BUSAN, South Korea – There’s no better place to listen to chill-wave than a beach town, but whether lauded chill-wave pioneer Toro Y Moi had this in mind when he booked a June stop in Busan is anyone’s guess. Regardless, Busan music fans have something to look forward to this Hump Day, when the North Carolina native will be making a stop at Interplay.
Toro Y Moi, or Chaz Bundwick, as his mother calls him, sent listeners into a blissful otherworld with his debut release, Causers of This, in 2010. This year’s follow-up, Underneath The Pine reached that pinnacle of hipster cool, Pitchfork’s distinguished title of Best New Music.
Few chill-wave artists have been able to produce albums as organic-sounding and well-received as Toro Y Moi has. While many artists in his genre seems locked in to gauzy synths, lo-fi production and endless reverb, Toro Y Moi sets his sound apart by skipping style like a stone. Here, he’s channelling 80s nostalgia. There, he may as well be soundtracking a really funky acid trip. And through it all runs a constant stream of danceable synth.
It comes as no surprise then, that Chaz Bundwick’s influences are wildly diverse. Among his influences are Atlanta rapper Wacka Flocka Flame, Weezer, Sonic Youth, and Elvis Costello.
Growing up on a musical diet of his parents old vinyl and tape collections, he created Toro Y Moi from his bedroom at age 15, and still uses only a small setup to create his work — although on his second album he’s upgraded to using live instruments as opposed to just computer programming. A graphic design student, Bundwick brings a deliberate cinematic feel on his albums, and as he said to the The Guardian: “I feel like film composers are the best songwriters, because they know how to convey emotion and feeling just by changing a couple of chords.”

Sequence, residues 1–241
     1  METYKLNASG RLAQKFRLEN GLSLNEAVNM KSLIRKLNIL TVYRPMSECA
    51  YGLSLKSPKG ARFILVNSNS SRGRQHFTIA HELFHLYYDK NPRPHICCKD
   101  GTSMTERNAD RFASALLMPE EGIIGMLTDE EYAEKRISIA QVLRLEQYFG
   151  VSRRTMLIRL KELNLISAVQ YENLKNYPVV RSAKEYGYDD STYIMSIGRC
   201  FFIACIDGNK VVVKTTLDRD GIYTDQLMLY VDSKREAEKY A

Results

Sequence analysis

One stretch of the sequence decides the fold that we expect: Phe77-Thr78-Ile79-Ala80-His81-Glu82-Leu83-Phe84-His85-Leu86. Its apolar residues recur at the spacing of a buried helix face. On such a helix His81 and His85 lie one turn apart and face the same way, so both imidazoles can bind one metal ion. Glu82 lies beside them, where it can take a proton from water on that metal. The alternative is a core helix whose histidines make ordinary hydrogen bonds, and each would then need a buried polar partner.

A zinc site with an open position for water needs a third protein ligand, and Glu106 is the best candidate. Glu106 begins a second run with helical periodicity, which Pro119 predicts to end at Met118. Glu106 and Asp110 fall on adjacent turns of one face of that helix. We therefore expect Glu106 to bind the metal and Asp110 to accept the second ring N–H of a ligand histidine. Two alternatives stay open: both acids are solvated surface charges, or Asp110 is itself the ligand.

Indeed Bundwick’s music has the ability to mould the listener’s feelings into a kaleidoscope of happiness, yearning, innocence, and even a little sorrow. His music is highly personal, but its also hugely relatable, with lines like “I found a job, I do it fine/ Not what I want, but I still try” (from ‘Blessa’ on Causers of This) that resonate with so many of this generation’s disaffected, recession-era experiences.
With gorgeous synths, fused sounds and an amazingly contemporary, yet heavily ‘70’s influence, the sound has been described as “pastoral, acoustic plucks and synth drones with rhythmic purpose making retro chic sound somehow futuristic” by Pitchfork Magazine. And it has cemented Toro Y Moi’s place as the number one chill wave darling of the moment.
Although Bundwick says he’s all for “being in a genre”, as it “helps people relate to his music”, there’s just no simple way to characterize the wavy mélange of trippy, floaty beats and visceral lyrics except to say that it’s brilliant, a sentiment evidenced by his tracks instantly becoming remix fodder all over the blogosphere, and his infinite co-signs by various artists, magazines and other hipster authorities of cool.
Performing live, this “multi-instrumentalist” blows out his warm analog sounds with a live band made up of home town friends, sometimes re-imagining his sounds adding and changing things as the mood takes him, treating his fans to music that works equally well on a computer and in front of a crowd.
Bundwick’s skill base is as wide as his influences are: having put out a spine tingling, yet weirdly pretty remix to Odd Future’s Tyler, The Creators teen angst rap-anthem ‘French’, and working on Les Sins, a new dance-wave outfit. He also takes analog pictures and posts art regularly on his Tumblr and Blogspot sites. Yet, music is still number one on his agenda, he says, and he just wants to make music he loves to hear.